Carotid Artery Stenting
The carotid arteries supply vital blood flow from the heart to the brain, face and scalp. There are two carotid arteries, one on each side of the neck. Each carotid artery has an internal branch that supplies blood directly to the brain, and an external branch that nourishes the face and scalp.
If there is a narrowing of the carotid artery due to plaque (material that builds up on the inner surface), blood clots can form and prevent blood from reaching the brain. The result could be a stroke, which can cause paralysis, brain damage and even death. Also, small clots breaking away from the plaque can block smaller vessels and cause mini-strokes, known as transient ischemic attacks (TIAs). TIAs or strokes can cause symptoms such as partial blindness, weakness of limbs, skin tingling and numbness. Patients who have had a TIA have a higher chance of suffering a stroke.
Stenting involves the use of a flexible catheter to widen a carotid artery that has narrowed due to plaque buildup. Before the procedure, patients are given a sedative (but are not put to sleep), and are given medications to prevent blood clots.
The catheter is usually placed into an artery in the arm or groin and gently guided into the carotid artery with the aid of live x-ray images (fluoroscopy). A contrast substance is injected into the bloodstream at the blockage so the physician can see the blood flow on an x-ray monitor. A balloon on the tip of the catheter is expanded to open the plaque-clogged area of the artery. A stent - a tubular-shaped metal mesh support or mini scaffold - is then expanded to keep the artery propped open. Before angioplasty and stenting are performed, cardiologists also insert a small filter-like protection basket to catch any loose clots from entering the brain that could cause a stroke.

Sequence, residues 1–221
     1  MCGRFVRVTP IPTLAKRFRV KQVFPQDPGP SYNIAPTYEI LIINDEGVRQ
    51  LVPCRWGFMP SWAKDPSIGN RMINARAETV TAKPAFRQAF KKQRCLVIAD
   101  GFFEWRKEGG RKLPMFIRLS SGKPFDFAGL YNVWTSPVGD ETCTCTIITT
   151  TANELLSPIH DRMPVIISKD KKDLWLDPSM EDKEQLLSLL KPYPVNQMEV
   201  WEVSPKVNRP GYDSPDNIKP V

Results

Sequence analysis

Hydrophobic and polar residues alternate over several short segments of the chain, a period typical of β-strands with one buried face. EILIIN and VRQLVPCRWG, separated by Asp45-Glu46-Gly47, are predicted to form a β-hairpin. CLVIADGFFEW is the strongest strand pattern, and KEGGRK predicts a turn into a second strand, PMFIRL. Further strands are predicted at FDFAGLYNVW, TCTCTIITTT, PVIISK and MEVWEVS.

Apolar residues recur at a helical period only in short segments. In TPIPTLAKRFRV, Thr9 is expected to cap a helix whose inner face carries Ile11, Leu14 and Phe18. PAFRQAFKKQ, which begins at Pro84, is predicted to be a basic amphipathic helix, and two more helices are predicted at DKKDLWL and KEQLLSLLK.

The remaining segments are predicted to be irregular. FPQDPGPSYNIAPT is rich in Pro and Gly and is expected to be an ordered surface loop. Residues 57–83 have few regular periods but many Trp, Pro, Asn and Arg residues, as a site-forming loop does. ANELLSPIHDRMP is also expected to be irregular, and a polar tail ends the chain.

Although carotid artery surgery (endarterectomy) is still the preferred method of treating narrowed carotid arteries and removing blockages in many patients, stenting is performed on patients for whom surgery would present too many risks. Such patients include those with advanced age, major illnesses, advanced heart disease such as congestive heart failure, arrhythmias, a completely blocked carotid artery, and those having undergone a previous endarterectomy.
Complications and risks, although rare, can include the following:
- Potential stroke because of a small blood clot or plaque material breaking off during or immediately after the procedure
- Plaque eventually rebuilding around the stent (restenosis)
- Tearing of the artery wall by the catheter
- Allergic reaction to the iodine-based contrast used during the procedure
- Contrast causing damage to the kidneys in patients with kidney disease
MDCA cardiologists perform these procedures in a full catheterization laboratory using state-of-the-art heart catheter equipment. They are experienced in assessing the full spectrum of heart conditions, and use cardiac catheterization as an important tool to assess a patient's overall heart health and to direct his or her treatment. To make an appointment with an MDCA cardiologist experienced with carotid artery stenting, please call 713-441-1100 (Pearland patients, please call 713-441-9909).